Asked how the new law would affect small-business owners or their employees alone in their shops, who frequently step outside for a cigarette break, Lempert told the Planet that there won’t be “a cop posted outside every store.”  

The ordinance will be enforced by “peer pressure,” she said. “It will be complaint driven.” 


No Lying  

Neumann told the Planet he believes from talking to his clients that as soon as the mayor proposed new laws last spring, police in the Telegraph area stepped up ticketing homeless people for so-called “quality of life” violations, such as lying on or obstructing the sidewalk.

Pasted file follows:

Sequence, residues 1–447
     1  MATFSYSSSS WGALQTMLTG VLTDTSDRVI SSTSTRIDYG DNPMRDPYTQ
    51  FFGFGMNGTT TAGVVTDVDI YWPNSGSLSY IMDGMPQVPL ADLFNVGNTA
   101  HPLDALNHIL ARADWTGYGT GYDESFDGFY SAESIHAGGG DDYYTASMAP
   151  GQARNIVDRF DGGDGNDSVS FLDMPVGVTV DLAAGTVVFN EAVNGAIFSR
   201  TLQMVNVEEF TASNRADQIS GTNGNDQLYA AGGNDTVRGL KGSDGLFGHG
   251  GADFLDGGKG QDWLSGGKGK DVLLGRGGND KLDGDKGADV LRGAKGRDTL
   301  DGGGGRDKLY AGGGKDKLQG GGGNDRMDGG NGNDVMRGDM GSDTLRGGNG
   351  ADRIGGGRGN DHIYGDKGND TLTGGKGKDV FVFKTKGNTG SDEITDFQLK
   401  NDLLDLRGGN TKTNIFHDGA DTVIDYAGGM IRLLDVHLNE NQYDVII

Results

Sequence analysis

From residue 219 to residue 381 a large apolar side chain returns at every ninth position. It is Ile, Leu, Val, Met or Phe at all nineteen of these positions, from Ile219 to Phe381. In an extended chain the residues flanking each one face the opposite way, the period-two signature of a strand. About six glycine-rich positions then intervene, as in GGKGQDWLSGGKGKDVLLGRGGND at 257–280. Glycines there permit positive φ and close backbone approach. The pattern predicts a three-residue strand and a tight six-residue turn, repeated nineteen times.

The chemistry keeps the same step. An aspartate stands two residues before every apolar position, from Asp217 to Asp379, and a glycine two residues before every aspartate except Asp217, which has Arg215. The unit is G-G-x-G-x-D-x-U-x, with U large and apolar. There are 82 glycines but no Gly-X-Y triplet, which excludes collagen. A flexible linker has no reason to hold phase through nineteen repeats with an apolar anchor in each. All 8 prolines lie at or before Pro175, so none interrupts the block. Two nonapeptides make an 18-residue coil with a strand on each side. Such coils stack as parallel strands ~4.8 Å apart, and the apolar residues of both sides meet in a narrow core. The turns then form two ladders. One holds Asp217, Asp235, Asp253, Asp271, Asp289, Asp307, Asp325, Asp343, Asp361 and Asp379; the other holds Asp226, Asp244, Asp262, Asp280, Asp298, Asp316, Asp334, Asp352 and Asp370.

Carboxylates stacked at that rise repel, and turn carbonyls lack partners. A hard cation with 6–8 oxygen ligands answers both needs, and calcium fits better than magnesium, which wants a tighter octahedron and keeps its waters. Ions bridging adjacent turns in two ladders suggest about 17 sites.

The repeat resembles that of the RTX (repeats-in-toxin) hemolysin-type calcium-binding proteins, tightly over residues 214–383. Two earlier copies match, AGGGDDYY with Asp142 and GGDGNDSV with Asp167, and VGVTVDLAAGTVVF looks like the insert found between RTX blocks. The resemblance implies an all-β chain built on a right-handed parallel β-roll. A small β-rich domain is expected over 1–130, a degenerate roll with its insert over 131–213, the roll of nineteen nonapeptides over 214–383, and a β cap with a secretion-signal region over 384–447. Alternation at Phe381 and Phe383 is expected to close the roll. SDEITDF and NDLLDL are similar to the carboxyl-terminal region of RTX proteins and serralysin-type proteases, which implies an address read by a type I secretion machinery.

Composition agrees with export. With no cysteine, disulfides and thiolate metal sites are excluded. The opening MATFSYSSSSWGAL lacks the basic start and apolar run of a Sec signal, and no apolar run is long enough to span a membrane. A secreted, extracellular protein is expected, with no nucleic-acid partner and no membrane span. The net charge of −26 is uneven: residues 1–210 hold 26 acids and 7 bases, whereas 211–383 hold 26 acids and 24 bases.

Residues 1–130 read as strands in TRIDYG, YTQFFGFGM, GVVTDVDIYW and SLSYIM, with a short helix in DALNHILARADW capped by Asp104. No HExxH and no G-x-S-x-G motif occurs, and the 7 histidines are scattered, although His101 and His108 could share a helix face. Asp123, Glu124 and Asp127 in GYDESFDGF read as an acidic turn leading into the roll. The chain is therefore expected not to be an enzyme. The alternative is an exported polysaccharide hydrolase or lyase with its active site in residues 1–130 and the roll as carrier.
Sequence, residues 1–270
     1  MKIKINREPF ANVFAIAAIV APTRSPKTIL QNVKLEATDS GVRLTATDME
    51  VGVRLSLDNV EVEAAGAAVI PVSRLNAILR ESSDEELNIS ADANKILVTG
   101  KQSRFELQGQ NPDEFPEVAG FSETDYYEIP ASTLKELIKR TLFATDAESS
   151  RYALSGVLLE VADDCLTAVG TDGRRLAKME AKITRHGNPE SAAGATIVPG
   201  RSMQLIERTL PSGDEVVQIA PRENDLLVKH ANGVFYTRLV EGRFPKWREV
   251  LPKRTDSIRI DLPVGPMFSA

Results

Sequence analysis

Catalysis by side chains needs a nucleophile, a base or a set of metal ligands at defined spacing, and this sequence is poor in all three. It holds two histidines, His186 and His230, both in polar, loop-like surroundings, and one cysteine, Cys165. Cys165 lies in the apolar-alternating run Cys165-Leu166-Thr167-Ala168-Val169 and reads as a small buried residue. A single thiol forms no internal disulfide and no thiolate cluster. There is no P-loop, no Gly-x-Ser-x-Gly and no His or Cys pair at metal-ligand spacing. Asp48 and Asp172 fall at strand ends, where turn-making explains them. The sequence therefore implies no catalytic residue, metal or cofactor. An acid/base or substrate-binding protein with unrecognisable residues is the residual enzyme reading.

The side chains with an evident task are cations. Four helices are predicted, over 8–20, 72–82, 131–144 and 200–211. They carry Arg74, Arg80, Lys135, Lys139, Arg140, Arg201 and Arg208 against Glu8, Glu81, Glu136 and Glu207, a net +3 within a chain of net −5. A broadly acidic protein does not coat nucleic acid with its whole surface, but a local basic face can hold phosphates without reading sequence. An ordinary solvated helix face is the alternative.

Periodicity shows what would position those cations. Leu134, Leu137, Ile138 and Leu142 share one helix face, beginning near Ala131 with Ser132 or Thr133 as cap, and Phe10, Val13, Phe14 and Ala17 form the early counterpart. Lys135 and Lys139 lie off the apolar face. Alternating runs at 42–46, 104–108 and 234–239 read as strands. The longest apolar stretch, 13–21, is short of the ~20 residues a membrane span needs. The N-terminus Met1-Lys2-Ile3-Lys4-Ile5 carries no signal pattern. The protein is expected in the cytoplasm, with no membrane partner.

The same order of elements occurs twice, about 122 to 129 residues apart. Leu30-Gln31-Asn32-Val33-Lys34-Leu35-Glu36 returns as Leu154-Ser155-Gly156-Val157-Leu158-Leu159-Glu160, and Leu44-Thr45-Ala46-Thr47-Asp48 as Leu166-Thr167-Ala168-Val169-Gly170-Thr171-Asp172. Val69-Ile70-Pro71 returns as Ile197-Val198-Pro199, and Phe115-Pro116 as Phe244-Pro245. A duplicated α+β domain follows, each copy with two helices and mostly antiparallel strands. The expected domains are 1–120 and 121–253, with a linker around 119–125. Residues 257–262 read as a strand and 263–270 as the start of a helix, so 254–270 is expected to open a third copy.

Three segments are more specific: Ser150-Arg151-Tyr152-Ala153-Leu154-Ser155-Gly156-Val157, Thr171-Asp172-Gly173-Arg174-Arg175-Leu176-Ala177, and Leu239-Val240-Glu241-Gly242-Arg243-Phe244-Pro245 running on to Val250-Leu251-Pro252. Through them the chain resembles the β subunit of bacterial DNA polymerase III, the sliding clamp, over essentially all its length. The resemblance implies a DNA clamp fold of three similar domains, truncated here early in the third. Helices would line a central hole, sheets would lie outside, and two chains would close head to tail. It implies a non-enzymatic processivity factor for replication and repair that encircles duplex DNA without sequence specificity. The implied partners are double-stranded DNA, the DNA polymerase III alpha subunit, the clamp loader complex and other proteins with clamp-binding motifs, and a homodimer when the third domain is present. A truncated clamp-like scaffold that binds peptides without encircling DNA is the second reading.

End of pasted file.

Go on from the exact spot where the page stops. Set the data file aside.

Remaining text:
The Daily Planet submitted a public records act request to see the numbers and kinds of violations being ticketed, but City Manager Phil Kamlarz responded that the data was unavailable: “We were unable to extract the information from our data base due to the way the data entry coding is done,” he said in a Oct. 31 email. (The City Council similarly requested but did not receive this information.) 

Fearing arbitrary enforcement, Spring called the ordinances “punitive” and “a giant step backwards.  

“Even if [the prohibition against lying on the public right of way] is low priority at night, people will still be harassed,” she said, noting that the men’s shelter has a 30-day stay limit. “What do you do when your 30 days are up?” she asked. 

Responding to her own question, she answered: “You go and try to sleep in some doorway.”